foi), a Wavelet function gets convolved with the signal yielding a time dependent cross-correlation. By (densely) scanning a range of frequencies, a continuous time-frequency representation of the original signal can be generated.
In Syncopy we can compute the Wavelet transform by calling
freqanalysis() with the
# define frequencies to scan fois = np.arange(10, 50, step=2) # 2Hz stepping wav_spectra = spy.freqanalysis(data, method='wavelet', foi=fois, parallel=True, keeptrials=False)
Here we used two additional parameters supported by every Syncopy analysis method:
parallel=Trueinvokes Syncopy’s parallel processing engine
keeptrials=Falsetriggers trial averaging
If parallel processing is unavailable, have a look at Installing parallel processing engine ACME
To quickly inspect the results for each channel we can use:
Again, we see a strong 30Hz signal in the 1st channel, and channel 2 is devoid of any rhythms. However, in contrast to the
method=mtmfft call, now we also get information along the time axis. The dampening of the harmonic over time in channel 1 is clearly visible.
An improved method, the superlet transform, providing super-resolution time-frequency representations can be computed via
freqanalysis() for more details.
Having time-frequency results for individual channels is useful, however we hardly learn anything about functional relationships between these different units. Even if two channels have a spectral peak at say 100Hz, we don’t know if these signals are actually connected. Syncopy offers various distinct methods to elucidate such putative connections via the
connectivityanalysis() meta-function: coherence, cross-correlation and Granger-Geweke causality.
To have a synthetic albeit meaningful dataset to illustrate the different methodologies we start by simulating two coupled autoregressive processes of order 2:
import numpy as np import syncopy as spy from syncopy.tests import synth_data nTrials = 50 nSamples = 1500 trls =  # 2x2 Adjacency matrix to define coupling AdjMat = np.zeros((2, 2)) # coupling 0 -> 1 AdjMat[0, 1] = 0.2 for _ in range(nTrials): trl = synth_data.AR2_network(AdjMat, nSamples=nSamples) trls.append(trl) data = spy.AnalogData(trls, samplerate=500) spec = spy.freqanalysis(data, tapsmofrq=3, keeptrials=False)
We also right away calculated the respective power spectra
We can quickly have a look at a snippet of the generated signals:
data.singlepanelplot(trials=0, toilim=[0, 0.5])
Both channels show visible oscillations as is confirmed by looking at the power spectra:
As expected for the stochastic AR(2) model, we have a fairly broad spectral peak at around 100Hz.
One way to check for relationships between different oscillating channels is to calculate the pairwise coherence measure. It can be roughly understood as a frequency dependent correlation. Let’s do this for our coupled AR(2) signals:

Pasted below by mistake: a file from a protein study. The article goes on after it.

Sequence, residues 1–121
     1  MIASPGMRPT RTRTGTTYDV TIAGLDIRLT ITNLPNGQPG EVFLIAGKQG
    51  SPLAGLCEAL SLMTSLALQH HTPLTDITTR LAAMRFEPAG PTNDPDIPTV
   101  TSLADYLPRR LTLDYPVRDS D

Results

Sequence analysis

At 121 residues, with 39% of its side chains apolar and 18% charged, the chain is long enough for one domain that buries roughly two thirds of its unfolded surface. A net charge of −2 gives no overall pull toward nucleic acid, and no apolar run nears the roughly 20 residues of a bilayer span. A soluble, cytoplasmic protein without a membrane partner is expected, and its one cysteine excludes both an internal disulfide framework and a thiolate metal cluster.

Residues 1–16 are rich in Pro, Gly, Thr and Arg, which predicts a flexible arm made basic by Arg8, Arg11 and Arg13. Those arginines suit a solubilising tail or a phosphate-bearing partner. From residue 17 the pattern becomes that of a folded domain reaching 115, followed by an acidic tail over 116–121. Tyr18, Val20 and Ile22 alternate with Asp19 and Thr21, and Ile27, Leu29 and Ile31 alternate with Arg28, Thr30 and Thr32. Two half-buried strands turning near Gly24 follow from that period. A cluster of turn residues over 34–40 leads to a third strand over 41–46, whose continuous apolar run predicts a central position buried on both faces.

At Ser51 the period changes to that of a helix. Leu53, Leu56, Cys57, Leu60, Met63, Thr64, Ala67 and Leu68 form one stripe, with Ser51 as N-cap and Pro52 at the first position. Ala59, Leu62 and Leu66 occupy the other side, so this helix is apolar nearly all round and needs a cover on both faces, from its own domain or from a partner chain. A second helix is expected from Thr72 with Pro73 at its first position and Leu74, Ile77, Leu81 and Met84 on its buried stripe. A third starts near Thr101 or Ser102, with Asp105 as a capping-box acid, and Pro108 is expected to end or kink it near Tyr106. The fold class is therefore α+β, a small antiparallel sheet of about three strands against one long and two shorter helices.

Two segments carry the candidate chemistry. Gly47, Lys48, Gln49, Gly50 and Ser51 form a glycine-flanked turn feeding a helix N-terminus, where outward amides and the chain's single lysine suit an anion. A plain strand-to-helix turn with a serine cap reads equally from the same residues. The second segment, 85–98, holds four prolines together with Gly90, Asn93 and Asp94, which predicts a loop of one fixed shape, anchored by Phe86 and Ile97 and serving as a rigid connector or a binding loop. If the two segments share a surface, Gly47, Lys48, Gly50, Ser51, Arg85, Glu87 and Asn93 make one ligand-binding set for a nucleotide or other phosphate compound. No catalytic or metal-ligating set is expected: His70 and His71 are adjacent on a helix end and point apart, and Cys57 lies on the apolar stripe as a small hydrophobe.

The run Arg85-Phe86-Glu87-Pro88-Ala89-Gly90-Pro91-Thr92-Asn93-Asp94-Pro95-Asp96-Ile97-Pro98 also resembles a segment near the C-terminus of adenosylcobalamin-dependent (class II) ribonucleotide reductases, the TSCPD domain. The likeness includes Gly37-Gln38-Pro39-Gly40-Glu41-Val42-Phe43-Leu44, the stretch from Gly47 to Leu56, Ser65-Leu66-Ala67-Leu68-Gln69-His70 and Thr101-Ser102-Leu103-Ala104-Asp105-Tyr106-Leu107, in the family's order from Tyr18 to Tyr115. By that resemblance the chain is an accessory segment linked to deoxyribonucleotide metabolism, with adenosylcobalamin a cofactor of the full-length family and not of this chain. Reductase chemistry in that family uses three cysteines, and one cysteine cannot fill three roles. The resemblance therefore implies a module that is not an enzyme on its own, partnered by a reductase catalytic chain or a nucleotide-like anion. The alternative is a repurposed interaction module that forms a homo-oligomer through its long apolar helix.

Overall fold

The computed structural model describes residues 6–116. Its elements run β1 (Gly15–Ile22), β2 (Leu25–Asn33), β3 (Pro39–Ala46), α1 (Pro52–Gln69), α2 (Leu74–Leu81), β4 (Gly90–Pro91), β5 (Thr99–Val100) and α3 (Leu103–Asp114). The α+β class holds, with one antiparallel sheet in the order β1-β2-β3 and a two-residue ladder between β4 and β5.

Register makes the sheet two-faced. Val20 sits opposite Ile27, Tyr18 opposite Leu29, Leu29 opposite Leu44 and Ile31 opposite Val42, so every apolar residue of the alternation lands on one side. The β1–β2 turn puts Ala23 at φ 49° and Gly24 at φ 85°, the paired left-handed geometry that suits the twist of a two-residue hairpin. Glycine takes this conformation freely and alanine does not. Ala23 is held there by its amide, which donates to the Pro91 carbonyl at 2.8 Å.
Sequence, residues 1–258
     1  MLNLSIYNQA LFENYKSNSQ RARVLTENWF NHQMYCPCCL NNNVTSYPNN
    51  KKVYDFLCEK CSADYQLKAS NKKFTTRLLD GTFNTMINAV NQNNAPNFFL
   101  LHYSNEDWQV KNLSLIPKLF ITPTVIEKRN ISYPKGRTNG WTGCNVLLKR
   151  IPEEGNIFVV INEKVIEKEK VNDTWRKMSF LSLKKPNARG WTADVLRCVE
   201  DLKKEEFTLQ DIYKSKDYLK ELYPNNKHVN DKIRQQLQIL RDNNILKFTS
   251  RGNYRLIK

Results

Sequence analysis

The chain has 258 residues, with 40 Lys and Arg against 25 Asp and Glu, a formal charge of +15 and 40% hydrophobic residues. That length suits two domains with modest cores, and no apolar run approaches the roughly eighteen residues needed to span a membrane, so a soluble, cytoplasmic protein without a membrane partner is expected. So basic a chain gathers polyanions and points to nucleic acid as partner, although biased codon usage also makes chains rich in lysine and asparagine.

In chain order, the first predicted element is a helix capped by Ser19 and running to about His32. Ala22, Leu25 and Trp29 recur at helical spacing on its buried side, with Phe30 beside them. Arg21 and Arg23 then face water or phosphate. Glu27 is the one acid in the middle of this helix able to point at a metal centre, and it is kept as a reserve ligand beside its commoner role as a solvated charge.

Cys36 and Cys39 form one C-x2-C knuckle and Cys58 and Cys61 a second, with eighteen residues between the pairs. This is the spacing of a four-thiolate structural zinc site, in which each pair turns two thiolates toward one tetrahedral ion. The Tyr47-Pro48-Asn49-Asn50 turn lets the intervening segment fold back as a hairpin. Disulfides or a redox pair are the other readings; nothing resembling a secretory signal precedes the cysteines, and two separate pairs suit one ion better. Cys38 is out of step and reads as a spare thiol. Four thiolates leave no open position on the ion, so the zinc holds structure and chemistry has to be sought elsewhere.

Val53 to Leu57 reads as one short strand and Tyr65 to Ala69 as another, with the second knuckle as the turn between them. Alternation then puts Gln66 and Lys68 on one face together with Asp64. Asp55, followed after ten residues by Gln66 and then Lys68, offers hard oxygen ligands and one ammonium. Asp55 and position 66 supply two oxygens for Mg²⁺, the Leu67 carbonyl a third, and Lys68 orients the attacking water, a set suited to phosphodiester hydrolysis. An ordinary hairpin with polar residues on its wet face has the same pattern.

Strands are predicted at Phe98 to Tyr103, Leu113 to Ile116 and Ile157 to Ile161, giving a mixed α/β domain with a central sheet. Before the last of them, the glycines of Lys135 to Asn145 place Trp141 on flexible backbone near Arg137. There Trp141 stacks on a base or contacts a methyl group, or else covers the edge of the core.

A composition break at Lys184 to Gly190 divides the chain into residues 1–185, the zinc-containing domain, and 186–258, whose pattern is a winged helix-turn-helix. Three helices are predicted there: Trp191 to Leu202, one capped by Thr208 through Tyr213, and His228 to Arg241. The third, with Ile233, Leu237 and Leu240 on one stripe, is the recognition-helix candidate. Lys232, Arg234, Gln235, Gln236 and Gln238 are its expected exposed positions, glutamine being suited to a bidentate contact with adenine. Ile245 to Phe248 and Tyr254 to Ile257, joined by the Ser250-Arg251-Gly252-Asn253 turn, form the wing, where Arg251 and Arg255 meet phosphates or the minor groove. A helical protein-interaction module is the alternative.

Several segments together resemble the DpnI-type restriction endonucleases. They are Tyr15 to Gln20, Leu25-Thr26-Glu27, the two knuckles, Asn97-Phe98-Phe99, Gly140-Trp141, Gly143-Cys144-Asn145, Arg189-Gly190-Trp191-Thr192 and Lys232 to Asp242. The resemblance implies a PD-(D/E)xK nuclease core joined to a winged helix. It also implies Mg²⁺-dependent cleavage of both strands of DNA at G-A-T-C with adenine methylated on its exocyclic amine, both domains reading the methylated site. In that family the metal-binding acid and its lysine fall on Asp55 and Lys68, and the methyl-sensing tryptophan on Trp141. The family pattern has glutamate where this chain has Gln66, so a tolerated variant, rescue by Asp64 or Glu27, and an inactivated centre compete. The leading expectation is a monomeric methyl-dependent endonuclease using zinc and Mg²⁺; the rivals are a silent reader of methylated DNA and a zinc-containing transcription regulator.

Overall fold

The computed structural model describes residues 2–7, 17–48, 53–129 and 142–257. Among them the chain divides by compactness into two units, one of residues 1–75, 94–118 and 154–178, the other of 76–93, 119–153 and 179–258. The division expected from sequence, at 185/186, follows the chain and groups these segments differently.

coherence = spy.connectivityanalysis(data, method='coh', tapsmofrq=3)
The result is of type
spy.CrossSpectralData, the standard datatype for all connectivity measures. It contains the results for all
nChannels x nChannels possible combinations. Let’s pick the two available channel combinations and plot the results:
coherence.singlepanelplot(channel_i='channel1', channel_j='channel2') coherence.singlepanelplot(channel_i='channel2', channel_j='channel1')
As coherence is a symmetric measure, we have the same graph for both channel combinations, showing high coherence around 100Hz.
The plotting for
CrossSpectralData object works a bit differently, as the user here has to provide one channel combination for each plot with the keywords
Coherence is a spectral measure for correlation, the corresponding time-domain measure is the well known cross-correlation. In Syncopy we can get the cross-correlation between all channel pairs with:
corr = spy.connectivityanalysis(data, method='corr', keeptrials=True)
As this also is a symmetric measure, let’s just look at the only channel combination however this time for two different trials:
corr.singlepanelplot(channel_i=0, channel_j=1, trials=0) corr.singlepanelplot(channel_i=0, channel_j=1, trials=1)
We see that there are persistent correlations also for longer lags.
To reveal directionality, or causality, between different channels Syncopy offers the Granger-Geweke algorithm for non-parametric Granger causality in the spectral domain:
granger = spy.connectivityanalysis(data, method='granger', tapsmofrq=2)
Now we want to see differential causality, so we plot both channel combinations:
granger.singlepanelplot(channel_i=0, channel_j=1) granger.singlepanelplot(channel_i=1, channel_j=0)
This reveals the coupling structure we put into this synthetic data set:
channel2, but in the other direction there is no interaction.
keeptrials keyword is only valid for cross-correlations, as both Granger causality and coherence critically rely on trial averaging.